Leave, leave my house.

will stay with me.

Let her stay with you.

You're welcome
to each other...

Because I've finished
with you.

Both of you!



[Front door slams]


Now, you didn't
paint the war

because you're not
that kind of painter,

but, uh, it is there,
just the same.

People were hungry,

so I painted sausages
and leeks.

Even a casserole
can scream.

Do you have
an appointment?


He told me to come for
a lesson in engraving
this afternoon.


It will be better
for you to go home.


I'm doing you
a favor.

Thank you...

But I don't want
to anger him

by being late
for my lesson.

Excuse me.

So, we are agreed
on this and this?

Haven't agreed
on anything yet.

Ah, francoise!
This is monsieur kahnweiler.

He's my oldest dealer.



That is to say that, uh,

he shamelessly has
exploited me longer
than anyone else.

He gets whatever
he wants out of me

by sheer persistence.

He sits there
like a big stone
on his German buttocks.

I'd do anything
to be rid of him.

I'll send the packers
this afternoon.

I haven't said yes.

Shall we say at 4:00?

Look, this may
interest you.

I did it in 1902.

Read what I wrote
on the bottom there.

"Quando tengas
ganas de joder, jode."

Translate it.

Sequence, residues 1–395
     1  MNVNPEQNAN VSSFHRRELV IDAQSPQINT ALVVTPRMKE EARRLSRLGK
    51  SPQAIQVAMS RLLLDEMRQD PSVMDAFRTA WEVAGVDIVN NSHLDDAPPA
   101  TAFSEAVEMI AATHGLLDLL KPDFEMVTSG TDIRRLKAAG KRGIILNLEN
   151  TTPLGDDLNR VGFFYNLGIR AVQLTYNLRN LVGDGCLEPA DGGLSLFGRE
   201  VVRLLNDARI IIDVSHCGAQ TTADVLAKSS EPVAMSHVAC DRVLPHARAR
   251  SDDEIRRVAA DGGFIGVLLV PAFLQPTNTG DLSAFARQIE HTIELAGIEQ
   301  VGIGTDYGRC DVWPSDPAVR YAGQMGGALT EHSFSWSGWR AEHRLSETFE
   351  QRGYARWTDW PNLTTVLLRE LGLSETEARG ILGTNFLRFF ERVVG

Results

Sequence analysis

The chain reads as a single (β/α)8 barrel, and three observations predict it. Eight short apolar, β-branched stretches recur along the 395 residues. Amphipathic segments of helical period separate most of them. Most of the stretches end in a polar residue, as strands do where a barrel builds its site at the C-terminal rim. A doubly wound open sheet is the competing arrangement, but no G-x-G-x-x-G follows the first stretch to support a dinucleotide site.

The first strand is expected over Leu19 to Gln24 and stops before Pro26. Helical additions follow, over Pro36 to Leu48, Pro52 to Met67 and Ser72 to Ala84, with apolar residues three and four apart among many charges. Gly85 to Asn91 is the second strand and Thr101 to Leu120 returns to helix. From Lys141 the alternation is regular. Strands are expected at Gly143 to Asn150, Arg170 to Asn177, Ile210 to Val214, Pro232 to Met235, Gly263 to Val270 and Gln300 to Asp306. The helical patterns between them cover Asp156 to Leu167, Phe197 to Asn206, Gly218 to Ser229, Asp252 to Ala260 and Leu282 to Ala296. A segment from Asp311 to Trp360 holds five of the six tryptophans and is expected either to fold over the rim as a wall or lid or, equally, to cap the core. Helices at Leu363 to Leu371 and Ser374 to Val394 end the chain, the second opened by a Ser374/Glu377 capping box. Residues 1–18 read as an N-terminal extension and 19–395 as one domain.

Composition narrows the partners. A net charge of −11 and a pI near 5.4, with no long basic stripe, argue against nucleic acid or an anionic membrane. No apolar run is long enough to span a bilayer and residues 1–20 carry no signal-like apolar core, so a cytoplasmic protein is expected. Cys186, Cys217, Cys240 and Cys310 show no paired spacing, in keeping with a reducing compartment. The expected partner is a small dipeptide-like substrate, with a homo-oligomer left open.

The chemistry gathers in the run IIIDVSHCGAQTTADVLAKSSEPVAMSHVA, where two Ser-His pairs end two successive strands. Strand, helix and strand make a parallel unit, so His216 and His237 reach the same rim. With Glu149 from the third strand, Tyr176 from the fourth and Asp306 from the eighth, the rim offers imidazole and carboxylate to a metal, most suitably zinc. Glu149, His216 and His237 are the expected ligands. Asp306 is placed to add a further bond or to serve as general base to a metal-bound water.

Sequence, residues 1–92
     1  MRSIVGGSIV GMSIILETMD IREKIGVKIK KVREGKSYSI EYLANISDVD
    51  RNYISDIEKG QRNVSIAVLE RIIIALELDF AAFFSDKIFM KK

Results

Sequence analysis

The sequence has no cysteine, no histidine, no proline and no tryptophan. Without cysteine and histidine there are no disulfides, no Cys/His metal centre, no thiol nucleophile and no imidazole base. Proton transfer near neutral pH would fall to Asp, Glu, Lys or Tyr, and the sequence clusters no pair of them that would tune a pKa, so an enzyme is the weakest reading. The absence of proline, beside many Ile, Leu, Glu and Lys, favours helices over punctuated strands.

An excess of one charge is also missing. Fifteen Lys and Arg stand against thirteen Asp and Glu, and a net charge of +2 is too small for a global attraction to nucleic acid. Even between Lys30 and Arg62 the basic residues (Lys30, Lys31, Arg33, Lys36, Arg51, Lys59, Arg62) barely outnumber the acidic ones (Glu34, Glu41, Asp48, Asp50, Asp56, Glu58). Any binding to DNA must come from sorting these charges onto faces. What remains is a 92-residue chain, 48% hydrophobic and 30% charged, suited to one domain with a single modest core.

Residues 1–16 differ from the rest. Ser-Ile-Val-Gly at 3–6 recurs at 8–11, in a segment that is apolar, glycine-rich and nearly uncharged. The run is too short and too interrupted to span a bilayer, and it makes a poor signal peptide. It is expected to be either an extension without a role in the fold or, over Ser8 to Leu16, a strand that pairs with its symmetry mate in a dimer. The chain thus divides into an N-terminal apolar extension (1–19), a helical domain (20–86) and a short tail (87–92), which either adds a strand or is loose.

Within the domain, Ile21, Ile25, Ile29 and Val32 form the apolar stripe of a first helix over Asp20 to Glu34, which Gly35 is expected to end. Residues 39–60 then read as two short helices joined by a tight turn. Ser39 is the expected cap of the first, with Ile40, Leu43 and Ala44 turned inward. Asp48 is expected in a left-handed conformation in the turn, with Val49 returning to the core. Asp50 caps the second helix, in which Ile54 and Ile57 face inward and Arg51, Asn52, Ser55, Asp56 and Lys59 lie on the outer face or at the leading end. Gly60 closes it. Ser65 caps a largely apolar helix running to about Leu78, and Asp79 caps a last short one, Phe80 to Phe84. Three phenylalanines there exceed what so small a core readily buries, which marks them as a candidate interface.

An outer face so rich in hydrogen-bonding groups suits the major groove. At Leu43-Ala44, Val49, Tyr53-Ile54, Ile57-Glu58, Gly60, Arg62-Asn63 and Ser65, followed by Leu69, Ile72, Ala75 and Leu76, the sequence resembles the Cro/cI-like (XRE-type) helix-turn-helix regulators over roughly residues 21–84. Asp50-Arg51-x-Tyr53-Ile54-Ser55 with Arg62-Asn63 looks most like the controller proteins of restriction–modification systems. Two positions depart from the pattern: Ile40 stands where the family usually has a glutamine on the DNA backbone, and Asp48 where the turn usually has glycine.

Kahnweiler: Oh, no, no.

Go on.

Well, if
you're too coy...

You translate it.

Kahnweiler: Good-bye,

"When you feel
like fucking, fuck."

[Picasso and sabartes

Why are you wearing
this dress

for an engraving
lesson, hmm?

Well, one has to dress up
a bit to visit Picasso.

Oh, well...


I want to show you

Come with me.

a very lazy dog.

always sleeping.

Maybe he's dead.

[Francoise giggles]

I'll come up behind,

catch you if you fall.

Don't let anyone in.



Go on.

Picasso: Nice view, huh?

Would you
like to stay here?

Up here?




I'd bring you food
twice a day and...

At night
we'd go out together

in disguise
like the Arabian nights,

and, uh,
you'd be my secret.

My secret captive.

I'd like to be alone
and paint all day.

I wouldn't mind losing
my liberty for that.

But then
you'd have to lose
some of yours, too.

And I'm not so sure
you'd like that.


I thought you would
be rather androgynous

under all those clothes
you always wear.

But you're not.

You're definitely
not a boy.

Thank God who made you.

For once he got it
absolutely right.


It's ridiculous
the 2 of us living
in different places.


You should be
with him in the


Give me a good reason
why not.

She's young.

You've got to
give her time.

I don't have much time.